Pick My Brain: Questions from Emma

I’m mixing it up (ha!) around here a bit – this week rather than focus on a specific topic, I’m going to answer questions I’ve gotten from you. This week I’m replying to Emma K, who on our facebook page asked me a few questions I think the rest of you might also find interesting.

Maybe you could do something about what you started making, what basic skills you think are important for example, is it a good idea to limit yourself to specific cakes when first starting out? How did you gain your skills and knowledge?

I started out cake making as a hobby when I was a teenager. I can’t remember why, but I decided I wanted to decorate a cake myself and so I did – bought the pans, some box mix, ready made icing (thanks Betty Crocker!), and away I went. It only took one cake for me to fall in love with the art of it. I then spent years reading cake books and magazines, buying cake toys, and playing around – but if you can believe it, YEARS passed between my actually making any more cakes. In my family, being a chef or cake maker was not considered a ‘real’ profession so it did not even occur to me to pursue it professionally. I never forgot my love of the art though, and many years later some friends bought  me a Wilton Level One Buttercream class as a birthday gift and an obsession was re-born. I’ve since done a number of courses (but not as many as I might like) and I also went back to school to get degrees in commercial cooking and in patisserie. I loved my formal schooling and am very glad I did it, but plenty of cake makers have no qualifications nor do they need them. Cake making is not something you ever stop learning how to do – I still gain my knowledge the same way, by reading, watching, listening, asking questions. My experience I got from practice, from working in everything from cafes to catering companies, and from practice. Did I mention the practice?

In the beginning I wouldn’t limit yourselve to a specific cake type. The beginning is when you get to experiment, play, learn, and have fun. You will soon enough realise you have an affinity for a certain style or certain ingredients. Just to give you an idea, I know a cake maker who, after doing a few different courses, discovered she had a real talent for figurine making. Her entire business is now ONLY figurine making and she loves it and is doing pretty well. Similarly I’d rather poke my eyes out with a rusty whisk than do 8 tier high wedding cakes, but I know cake makers who think making a 3D replica of R2D2 is boring.  I’d take as many “level one” classes in as many different things you can afford the time and money for. Then as your style emerges, become more picky about where you spend your time and money – but definitely push your boundaries now and again.Your style, much like your business, will grow.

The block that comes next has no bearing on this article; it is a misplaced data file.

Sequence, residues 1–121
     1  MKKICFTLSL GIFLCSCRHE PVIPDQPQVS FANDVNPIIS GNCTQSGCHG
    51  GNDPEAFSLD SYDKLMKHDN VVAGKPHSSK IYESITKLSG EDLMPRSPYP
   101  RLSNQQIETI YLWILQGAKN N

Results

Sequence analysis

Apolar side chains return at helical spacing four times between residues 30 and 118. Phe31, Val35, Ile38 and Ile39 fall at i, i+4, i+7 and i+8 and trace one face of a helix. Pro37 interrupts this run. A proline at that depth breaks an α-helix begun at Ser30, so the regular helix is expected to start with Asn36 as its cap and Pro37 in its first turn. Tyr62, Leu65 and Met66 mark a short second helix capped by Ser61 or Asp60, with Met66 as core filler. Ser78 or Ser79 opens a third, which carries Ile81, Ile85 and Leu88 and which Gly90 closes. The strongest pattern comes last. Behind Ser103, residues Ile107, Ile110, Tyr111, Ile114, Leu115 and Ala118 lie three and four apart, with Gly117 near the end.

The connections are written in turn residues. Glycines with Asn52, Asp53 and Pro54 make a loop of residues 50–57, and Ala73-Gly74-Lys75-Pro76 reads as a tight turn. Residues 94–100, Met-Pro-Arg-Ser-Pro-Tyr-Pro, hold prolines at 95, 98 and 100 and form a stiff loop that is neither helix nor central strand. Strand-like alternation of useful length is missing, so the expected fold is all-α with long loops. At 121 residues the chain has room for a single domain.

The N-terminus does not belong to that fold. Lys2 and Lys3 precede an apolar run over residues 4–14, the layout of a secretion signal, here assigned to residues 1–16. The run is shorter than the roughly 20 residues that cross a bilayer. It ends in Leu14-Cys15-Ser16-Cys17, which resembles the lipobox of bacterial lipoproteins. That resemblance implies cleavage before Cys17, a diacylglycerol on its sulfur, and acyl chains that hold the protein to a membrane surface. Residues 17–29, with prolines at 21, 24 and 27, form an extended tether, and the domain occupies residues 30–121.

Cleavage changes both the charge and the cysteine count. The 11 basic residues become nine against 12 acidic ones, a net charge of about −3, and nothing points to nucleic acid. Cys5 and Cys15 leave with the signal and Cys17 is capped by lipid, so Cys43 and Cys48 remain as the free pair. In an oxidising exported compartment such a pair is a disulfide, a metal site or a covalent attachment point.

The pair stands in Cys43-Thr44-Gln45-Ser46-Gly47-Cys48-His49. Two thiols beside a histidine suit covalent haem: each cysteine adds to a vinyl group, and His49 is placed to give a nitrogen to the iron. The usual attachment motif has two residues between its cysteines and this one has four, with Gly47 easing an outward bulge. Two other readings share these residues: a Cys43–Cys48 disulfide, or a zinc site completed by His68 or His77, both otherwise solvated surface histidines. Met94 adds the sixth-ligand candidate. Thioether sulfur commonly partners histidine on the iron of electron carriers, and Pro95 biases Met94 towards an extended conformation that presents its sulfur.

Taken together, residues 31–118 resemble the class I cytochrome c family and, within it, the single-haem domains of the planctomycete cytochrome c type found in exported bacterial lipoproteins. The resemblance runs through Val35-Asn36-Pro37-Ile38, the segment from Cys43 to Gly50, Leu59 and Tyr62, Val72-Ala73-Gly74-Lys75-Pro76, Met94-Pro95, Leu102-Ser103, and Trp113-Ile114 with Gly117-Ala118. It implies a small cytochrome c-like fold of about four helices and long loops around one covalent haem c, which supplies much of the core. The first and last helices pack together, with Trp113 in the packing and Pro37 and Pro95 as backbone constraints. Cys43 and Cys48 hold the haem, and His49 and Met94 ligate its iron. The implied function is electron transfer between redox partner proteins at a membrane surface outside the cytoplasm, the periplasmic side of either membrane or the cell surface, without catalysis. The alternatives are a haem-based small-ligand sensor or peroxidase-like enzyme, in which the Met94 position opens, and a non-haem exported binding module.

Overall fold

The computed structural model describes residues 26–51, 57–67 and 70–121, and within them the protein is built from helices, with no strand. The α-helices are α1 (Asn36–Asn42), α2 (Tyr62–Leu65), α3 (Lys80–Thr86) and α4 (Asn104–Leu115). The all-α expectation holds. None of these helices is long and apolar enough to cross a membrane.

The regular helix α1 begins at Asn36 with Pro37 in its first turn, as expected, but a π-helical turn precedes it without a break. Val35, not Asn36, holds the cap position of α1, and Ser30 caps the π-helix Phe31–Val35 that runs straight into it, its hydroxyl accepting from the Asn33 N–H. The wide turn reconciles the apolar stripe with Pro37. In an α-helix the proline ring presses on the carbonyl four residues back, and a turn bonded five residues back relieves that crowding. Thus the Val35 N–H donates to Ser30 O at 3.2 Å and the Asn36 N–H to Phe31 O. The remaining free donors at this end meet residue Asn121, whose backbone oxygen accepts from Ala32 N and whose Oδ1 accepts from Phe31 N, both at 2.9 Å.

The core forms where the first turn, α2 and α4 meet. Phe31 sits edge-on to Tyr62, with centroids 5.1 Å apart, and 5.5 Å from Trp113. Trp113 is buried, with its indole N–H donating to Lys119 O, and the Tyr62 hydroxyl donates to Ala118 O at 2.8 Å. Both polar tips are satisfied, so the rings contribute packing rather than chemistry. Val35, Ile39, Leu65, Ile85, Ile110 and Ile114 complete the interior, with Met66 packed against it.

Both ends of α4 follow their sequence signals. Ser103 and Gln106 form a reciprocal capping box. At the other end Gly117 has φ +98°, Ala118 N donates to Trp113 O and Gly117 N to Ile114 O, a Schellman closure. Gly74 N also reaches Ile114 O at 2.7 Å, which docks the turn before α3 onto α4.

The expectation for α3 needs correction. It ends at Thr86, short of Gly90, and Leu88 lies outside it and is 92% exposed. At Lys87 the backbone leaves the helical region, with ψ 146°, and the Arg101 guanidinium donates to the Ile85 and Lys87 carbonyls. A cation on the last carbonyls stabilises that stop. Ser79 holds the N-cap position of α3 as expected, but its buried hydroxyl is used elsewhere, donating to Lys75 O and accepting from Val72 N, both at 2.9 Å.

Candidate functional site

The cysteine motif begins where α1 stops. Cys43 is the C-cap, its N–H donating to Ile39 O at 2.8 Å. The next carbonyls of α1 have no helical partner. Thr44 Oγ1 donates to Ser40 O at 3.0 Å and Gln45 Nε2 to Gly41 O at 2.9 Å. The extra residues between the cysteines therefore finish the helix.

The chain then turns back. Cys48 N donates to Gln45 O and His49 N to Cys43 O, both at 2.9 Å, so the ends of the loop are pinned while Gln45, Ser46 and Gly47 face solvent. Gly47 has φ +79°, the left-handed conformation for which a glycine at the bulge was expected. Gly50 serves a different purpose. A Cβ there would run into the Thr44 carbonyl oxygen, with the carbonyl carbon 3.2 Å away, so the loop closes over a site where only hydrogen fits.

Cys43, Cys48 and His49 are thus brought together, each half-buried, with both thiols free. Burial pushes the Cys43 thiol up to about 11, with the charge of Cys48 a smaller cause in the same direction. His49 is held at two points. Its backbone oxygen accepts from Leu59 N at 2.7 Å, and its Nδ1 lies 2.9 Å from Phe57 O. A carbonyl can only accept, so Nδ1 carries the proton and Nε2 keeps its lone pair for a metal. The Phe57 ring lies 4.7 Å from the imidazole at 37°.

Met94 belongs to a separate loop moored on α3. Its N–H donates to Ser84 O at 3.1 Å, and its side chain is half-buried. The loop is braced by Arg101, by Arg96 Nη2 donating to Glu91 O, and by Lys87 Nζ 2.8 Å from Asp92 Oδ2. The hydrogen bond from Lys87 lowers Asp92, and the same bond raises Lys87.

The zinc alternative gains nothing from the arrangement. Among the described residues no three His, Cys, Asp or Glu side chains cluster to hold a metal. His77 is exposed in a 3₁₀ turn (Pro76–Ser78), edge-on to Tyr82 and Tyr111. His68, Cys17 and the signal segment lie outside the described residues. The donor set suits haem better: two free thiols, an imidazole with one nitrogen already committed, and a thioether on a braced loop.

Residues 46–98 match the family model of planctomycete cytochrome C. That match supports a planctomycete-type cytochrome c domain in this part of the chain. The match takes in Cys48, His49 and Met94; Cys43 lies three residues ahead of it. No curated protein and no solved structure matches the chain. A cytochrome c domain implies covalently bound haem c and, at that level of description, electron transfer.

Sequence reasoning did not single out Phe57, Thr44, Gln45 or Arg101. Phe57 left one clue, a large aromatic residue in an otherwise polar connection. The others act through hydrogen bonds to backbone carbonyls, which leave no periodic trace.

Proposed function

Did you also on the other end, do any kind of small business course? How did you end up working out what to charge people for your cakes?

I learned a fair amount of business skills in my cooking degrees, including how to cost out recipes (including cake). I also did a “How to Run A Hospitality Business” course at the local adult education centre. Eventually I also hired a business coach who taught me a whole lot about running a business. I also asked everyone I knew (who seemed to know anything at all about business) for advice, not all of which I took but all of which I listened to. I went to a lot of small business seminars put on by my local council. Once you start looking, the information is out there! I would highly recommend doing some small business courses – I even did one which was about knowing which tax records I should keep.

The main thing is: you NEVER stop learning, about cake OR about business.

As for learning what to charge for a cake…that’s a whole story in and of itself. I’ll write an entire blog post about it. It took me a long time to work out what to charge and how to do it (they are not the same skills…) I’ll  save most of that info for a future post but in the meantime let me give you the key to the costing process.

WRITE THIS QUESTION DOWN SO YOU CAN THINK ON IT: If for some reason you were suddenly unable to create that cake (and cancelling is not an option), what would you have to pay to get someone else to do it for you?

e.g. Not what a different cake maker would charge for the same item. What YOU would have to pay someone to come into your business and do *everything* to that cake.  Buy ingredients, bake it, cover with icing, decorate, and clean up after that cake.

Yes. You heard me. EVEN the clean up time.

I just gave you guys some cake business gold right there. I really did. Go back and re-read that sentence in bold. It will totally change how you think about cake pricing.

Did you look into registering your kitchen from home? Was your local council a pain? I guess I would rather know than become disheartened.

Yes, I did look into it -that was (and would still be today) my preferred way of starting out. My council was a pain in the backside about it, but plenty of councils are far nicer than mine was. In the end it just wasn’t worth the headache. That being said, each Council (in each country!) follows it’s own rules – I’ve heard of many who found the home registration process very easy and simple,and others who spent thousands on renovating only to find their applications still rejected! It’s *always* worth calling your Council and asking – or finding local people who have already gone through the process who can provide some insight.

Thanks Emma for providing some questions for me to answer – I’ll make “Pick My Brain” an occassional post where I can answer some questions in a quicker/shorter format, so if you’ve got any questions for me, feel free to ask them here or on the Business of Baking facebook page.

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